Kevin Graham, the former president of the Chicago Police Department’s largest union, was suspended from the organization for 3 years on Wednesday for leaving behind a tiny camera that continued to record in his old office while it was occupied by his successor, and not telling him about it, officials said.
Graham, however, has denied any wrongdoing and plans to appeal the decision.
In an interview with the Tribune Wednesday evening, Graham indicated the decision by the Chicago Fraternal Order of Police was flawed since it was handed down by union officials aligned with John Catanzara, the current FOP president, who won Graham’s spot earlier this year by defeating him in an election.
Graham said the camera was installed during his time as president because of suspicions that someone with access to his office had stolen from there a sensitive document or other items. A source familiar with the matter said the camera was later discovered by someone during work at the union facility, 1412 W. Washington Blvd., after Catanzara took over as FOP president.
“It was clear I didn’t do anything wrong,” Graham said in a telephone interview. “Never once did I have any control over the camera or its content.”
Graham denied that he was trying to spy on Catanzara and that he just forgot to tell him about the camera. Graham also said if it wasn’t for the camera issue, Catanzara’s team would’ve likely tried to accuse him of another infraction.
Graham said the union tried to expel him outright from the organization but instead settled on the 3-year suspension. This means that as a Chicago police officer, Graham will not have union protections — which includes free legal representation from the FOP in the event he’s accused of police misconduct — during that period.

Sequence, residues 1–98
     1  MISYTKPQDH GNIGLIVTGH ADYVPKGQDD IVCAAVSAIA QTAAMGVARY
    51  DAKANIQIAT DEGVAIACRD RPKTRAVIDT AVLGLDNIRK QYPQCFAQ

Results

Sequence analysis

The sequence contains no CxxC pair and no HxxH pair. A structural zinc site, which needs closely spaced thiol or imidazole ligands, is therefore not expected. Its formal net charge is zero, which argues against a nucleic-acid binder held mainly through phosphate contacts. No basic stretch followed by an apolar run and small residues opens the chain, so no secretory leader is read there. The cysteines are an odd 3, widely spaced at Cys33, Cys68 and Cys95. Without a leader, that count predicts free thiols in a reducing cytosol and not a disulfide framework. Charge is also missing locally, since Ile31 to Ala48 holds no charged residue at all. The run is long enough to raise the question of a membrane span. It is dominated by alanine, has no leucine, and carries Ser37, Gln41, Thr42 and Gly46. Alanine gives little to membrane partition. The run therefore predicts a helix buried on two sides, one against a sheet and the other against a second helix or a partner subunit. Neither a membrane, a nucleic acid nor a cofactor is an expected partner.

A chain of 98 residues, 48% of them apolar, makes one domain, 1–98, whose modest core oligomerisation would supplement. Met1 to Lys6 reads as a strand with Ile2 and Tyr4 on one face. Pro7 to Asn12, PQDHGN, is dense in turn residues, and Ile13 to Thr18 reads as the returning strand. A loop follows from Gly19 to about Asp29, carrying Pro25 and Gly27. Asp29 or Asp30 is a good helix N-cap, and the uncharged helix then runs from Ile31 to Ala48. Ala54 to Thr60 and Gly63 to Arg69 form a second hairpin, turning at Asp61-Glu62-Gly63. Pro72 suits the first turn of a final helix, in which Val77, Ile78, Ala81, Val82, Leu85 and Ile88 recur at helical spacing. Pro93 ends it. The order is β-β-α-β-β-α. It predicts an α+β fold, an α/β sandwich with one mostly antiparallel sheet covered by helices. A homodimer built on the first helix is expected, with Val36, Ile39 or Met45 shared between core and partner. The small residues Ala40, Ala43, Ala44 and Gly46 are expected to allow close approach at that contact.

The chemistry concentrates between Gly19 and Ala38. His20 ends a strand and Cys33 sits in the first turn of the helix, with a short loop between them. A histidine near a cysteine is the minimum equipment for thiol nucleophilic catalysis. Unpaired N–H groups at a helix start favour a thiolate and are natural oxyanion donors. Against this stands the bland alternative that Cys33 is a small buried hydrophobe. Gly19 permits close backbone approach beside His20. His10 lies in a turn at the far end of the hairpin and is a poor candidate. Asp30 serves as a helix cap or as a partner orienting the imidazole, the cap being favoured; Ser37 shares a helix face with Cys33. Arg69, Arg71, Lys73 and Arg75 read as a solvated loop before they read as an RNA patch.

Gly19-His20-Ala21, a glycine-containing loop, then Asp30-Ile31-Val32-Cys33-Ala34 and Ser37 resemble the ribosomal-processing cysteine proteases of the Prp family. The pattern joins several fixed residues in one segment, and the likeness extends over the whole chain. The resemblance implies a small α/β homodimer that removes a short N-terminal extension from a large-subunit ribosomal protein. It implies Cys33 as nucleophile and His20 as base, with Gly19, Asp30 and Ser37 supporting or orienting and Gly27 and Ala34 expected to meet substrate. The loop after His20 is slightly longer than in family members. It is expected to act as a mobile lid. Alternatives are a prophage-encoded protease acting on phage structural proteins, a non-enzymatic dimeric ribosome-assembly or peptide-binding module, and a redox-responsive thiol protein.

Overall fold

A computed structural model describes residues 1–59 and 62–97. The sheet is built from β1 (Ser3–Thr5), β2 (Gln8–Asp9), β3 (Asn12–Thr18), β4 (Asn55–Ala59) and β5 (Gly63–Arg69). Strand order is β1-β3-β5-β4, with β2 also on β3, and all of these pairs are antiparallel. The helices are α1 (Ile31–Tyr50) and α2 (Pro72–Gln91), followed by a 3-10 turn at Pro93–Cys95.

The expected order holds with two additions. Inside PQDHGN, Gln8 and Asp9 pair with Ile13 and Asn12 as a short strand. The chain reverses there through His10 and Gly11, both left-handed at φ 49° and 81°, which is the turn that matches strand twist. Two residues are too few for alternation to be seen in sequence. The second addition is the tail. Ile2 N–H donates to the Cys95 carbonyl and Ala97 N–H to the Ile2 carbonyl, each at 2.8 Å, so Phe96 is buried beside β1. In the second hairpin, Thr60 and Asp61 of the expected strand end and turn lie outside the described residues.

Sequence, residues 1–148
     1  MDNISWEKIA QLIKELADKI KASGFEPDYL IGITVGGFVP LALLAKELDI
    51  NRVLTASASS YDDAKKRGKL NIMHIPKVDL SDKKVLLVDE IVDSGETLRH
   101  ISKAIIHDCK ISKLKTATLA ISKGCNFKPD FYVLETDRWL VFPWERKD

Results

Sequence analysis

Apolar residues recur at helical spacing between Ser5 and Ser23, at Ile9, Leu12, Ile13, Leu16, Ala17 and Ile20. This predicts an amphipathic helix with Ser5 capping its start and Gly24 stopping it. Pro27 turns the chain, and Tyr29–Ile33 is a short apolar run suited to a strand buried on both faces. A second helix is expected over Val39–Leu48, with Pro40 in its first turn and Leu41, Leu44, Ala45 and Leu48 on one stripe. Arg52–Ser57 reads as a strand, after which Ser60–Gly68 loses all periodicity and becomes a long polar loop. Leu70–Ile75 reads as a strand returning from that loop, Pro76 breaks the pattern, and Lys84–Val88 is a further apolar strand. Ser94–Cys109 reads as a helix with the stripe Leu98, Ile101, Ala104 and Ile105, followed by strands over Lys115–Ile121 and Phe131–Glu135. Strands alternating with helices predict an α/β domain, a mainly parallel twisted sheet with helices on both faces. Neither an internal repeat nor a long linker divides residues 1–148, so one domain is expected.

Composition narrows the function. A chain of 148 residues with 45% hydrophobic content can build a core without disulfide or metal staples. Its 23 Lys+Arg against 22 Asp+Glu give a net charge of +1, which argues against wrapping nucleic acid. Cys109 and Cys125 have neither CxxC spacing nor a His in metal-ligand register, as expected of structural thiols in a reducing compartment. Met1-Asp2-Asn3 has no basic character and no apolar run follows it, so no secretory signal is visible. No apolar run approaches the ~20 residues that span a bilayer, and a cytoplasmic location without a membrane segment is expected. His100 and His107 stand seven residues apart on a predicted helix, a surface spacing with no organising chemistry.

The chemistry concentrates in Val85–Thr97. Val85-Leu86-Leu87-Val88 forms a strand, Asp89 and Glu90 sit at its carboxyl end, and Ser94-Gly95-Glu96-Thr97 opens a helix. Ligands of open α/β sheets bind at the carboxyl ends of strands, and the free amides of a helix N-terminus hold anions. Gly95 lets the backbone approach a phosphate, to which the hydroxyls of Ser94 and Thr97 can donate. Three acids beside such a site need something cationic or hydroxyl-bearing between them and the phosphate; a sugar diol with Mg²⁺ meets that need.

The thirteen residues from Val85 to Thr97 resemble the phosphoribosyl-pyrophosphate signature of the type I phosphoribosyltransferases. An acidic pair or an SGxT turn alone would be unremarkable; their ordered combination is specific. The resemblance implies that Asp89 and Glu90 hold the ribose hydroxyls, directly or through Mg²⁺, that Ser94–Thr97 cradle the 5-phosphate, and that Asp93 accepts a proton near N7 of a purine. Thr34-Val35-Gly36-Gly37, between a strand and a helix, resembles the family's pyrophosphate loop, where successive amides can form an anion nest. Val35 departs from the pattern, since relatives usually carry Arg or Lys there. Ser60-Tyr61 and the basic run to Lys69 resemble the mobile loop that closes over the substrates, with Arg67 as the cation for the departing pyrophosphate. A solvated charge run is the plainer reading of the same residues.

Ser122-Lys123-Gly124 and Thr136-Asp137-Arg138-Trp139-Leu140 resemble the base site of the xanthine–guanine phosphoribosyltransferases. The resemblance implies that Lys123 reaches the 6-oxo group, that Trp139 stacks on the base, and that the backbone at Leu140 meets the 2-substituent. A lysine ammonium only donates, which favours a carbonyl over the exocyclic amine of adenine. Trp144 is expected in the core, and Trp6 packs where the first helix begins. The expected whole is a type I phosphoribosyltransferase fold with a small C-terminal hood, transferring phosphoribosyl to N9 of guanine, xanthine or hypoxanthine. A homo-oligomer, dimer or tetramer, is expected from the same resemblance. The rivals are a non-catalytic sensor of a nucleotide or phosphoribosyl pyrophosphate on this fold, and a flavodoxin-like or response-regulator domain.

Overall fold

Graham served for 3 years as FOP president from April 2017 until this past May, when he was defeated by Catanzara in a runoff election for the top spot. Catanzara received close to 55% of the vote, garnering 4,709 votes to Graham’s 3,872. But after that and up until now, he continued to serve with the FOP in the position of “Immediate Past President.”
Catanzara, known for his outspoken public criticism of anyone opposing him, including Graham and Mayor Lori Lightfoot, did not want to comment directly about Graham’s suspension, but said he’s glad the whole saga over the camera is done.
“Some people just don’t take losing very well because they’re losing grip on control that they’ve had over this lodge for a long time,” said Catanzara. “There’s new sheriffs in town and we’re running this lodge more black and white than ever before.”
The camera drama was one of the latest high-profile displays of infighting within the FOP.
When Graham was its president in 2018, one of his closest deputies, Martin Preib, tried to get a former FOP president kicked out of the union, alleging he misrepresented himself as the group’s spokesman in public comments related to Officer Jason Van Dyke’s murder trial for the 2014 killing of 17-year-old Laquan McDonald.
But the FOP cleared the former president, Dean Angelo, after finding no evidence of wrongdoing.
In 2014, the FOP voted to remove from office its then-president, Michael Shields, for publicly questioning the fairness of past contract union negotiations with the city.
But Shields then filed a whistleblower lawsuit against the FOP claiming he was wrongly barred from union activities after being removed from office. He eventually reached a $100,000 settlement in the same lawsuit against the Illinois FOP lodge and months later was awarded $21,600 in the case from a Cook County jury.
The FOP, which represents more than 8,000 active rank-and-file Chicago cops, has gone through tense contract negotiations with the city ever since its last collective bargaining agreement expired at the end of June 2017.
Last month, Catanzara and Lightfoot exchanged a heated war of words with one another in the media over contractual issues. The FOP in September rejected the city’s proposal of a 10% raise over a four-year period along with changes to how the city handles disciplinary issues involving allegations of misconduct.
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